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Construction is a growing industry with nearly 500,000 workers employed in a wide range of jobs. The Bureau of Labor Statistics projects strong growth in the construction industry over the coming decade. However, most jobs will become available as current workers leave the industry to retire or pursue other careers.

While construction jobs are likely to grow by only 5% between 2020 and 2030, the industry will add around 2,500 new jobs per year and provide opportunities for new workers to replace retirees. With a growing but limited number of new jobs available, the best opportunities will go to workers with the strongest skill sets. Experience, education and training will be the deciding factors for future employment in this industry.

Construction Career Training

The median annual salary for construction equipment operators is $48,290, according to the BLS. New construction workers begin their careers as apprentices, earning less income than fully trained equipment operators. Apprentices can move up the career ladder with training in special skills.

While certification isn’t required for entry-level employment in construction, many positions require employees to have formal training, experience and education. Most professional construction workers begin their careers without certification and then enroll in courses to gain specialized skills. Some knowledge of the industry can help you decide which courses to take, so the first step to choosing a career path in construction is getting an entry-level job.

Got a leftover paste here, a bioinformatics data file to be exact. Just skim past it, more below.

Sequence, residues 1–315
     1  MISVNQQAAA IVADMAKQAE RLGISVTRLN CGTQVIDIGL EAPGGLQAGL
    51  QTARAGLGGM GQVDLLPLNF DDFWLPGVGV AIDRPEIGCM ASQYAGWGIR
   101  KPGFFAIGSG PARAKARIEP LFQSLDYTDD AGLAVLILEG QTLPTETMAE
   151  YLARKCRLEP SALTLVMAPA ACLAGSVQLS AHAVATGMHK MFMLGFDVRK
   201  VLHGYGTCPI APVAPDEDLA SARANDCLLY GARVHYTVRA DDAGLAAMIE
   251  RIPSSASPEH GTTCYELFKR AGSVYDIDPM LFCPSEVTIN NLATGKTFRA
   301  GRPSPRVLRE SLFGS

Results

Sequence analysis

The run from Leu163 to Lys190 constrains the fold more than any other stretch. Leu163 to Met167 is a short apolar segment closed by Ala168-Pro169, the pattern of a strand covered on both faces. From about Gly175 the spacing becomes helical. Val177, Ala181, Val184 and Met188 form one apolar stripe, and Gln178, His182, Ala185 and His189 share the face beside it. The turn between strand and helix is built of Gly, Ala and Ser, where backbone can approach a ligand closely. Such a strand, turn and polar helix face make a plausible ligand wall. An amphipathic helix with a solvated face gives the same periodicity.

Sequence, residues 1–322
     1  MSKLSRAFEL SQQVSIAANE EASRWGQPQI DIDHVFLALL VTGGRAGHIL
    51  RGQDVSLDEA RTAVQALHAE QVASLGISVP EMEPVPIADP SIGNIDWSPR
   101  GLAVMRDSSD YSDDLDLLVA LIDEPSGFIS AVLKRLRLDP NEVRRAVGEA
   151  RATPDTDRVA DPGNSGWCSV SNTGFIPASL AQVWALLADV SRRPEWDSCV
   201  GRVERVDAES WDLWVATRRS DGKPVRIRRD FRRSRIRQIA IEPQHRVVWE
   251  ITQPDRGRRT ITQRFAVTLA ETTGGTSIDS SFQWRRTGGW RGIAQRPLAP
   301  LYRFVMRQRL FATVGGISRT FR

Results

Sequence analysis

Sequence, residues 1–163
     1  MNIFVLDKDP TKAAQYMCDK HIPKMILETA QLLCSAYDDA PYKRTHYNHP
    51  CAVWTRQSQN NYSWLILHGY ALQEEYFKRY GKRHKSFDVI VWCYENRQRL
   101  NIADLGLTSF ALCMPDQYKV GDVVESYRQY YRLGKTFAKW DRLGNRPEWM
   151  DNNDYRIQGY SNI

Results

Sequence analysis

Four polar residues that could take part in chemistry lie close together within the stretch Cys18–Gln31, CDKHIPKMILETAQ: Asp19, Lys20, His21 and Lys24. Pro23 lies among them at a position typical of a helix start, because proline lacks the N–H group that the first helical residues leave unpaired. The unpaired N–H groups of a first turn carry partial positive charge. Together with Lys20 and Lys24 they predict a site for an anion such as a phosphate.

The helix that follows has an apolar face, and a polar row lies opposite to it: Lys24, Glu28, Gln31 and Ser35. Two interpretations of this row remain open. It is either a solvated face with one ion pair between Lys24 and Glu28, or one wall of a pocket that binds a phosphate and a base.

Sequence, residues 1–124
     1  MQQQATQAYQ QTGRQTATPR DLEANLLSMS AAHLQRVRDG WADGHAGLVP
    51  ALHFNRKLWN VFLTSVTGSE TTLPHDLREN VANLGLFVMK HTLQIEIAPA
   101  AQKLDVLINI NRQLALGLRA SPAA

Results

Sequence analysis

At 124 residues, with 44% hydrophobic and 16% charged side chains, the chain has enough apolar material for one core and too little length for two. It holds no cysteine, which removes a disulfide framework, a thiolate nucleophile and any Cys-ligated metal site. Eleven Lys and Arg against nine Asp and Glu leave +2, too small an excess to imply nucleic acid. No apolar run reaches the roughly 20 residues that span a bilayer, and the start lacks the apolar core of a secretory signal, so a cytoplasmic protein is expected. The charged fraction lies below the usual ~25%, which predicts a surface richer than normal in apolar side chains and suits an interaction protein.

Safety Training

The Occupational Safety and Health Administration offers safety training courses for construction workers. The Outreach Training Program is a voluntary course that prepares workers to act responsibly on the job site while avoiding injury to themselves and others.

While this program is optional in most states, employers may require workers to undergo OSHA training for some jobs. OSHA doesn’t provide certification for construction workers, but the organization does offer a Department of Labor training card for workers who take up to 30 hours of safety courses.

Engineering and Surveying

Engineering and surveying are two of the most important functions of a construction project. Construction engineers work with teams of laborers, managers and specialists to implement a building plan from start to finish. Surveyors begin the operation with a detailed analysis of the surrounding landscape to determine the safest and most efficient way to proceed.

The National Council of Examiners for Engineering and Surveying offers two professional certificates for construction workers. Engineering licensure prepares workers to move into lucrative engineering roles while surveying licensure enables workers to perform the specialized role of a land surveyor. In construction, civil engineering jobs typically also require formal education and work experience.

Concrete Science

While concrete mixing may sound simple, obtaining a certificate for this skill will show employers that you understand the safety concerns and technical details involved in mixing concrete. Some construction companies employ concrete mixers without certification, but the fastest way to move into this role is to take courses from the American Concrete Institute. A concrete mixing certificate will open career doors and show employers that you take your job seriously.